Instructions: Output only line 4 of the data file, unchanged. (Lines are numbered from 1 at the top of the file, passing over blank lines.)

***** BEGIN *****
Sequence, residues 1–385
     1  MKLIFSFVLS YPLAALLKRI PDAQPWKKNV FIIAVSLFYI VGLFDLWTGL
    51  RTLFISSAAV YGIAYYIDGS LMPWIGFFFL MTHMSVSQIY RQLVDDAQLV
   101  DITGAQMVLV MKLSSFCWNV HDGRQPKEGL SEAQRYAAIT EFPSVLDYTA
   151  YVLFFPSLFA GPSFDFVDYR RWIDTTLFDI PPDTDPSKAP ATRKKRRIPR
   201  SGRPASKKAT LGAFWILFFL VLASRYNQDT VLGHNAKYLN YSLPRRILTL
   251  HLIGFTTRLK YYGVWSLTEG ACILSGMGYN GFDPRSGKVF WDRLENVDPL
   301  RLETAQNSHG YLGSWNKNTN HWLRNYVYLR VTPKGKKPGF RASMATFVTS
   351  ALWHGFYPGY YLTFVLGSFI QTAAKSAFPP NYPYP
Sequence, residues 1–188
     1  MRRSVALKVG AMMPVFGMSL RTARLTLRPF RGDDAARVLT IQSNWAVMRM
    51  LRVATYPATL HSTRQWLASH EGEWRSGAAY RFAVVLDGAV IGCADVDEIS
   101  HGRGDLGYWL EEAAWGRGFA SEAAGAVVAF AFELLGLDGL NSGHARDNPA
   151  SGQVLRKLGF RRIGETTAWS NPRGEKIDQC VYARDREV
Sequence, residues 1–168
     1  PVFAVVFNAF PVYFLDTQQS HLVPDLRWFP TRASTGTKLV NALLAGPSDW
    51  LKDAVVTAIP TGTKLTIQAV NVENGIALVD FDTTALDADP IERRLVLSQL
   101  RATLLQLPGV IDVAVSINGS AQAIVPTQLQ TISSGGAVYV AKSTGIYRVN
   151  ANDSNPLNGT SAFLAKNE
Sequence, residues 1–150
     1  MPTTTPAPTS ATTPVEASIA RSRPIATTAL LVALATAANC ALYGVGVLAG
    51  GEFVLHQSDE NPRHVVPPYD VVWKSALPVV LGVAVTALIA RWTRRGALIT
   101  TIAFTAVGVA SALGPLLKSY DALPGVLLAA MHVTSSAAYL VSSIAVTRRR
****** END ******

   101  DITGAQMVLV MKLSSFCWNV HDGRQPKEGL SEAQRYAAIT EFPSVLDYTA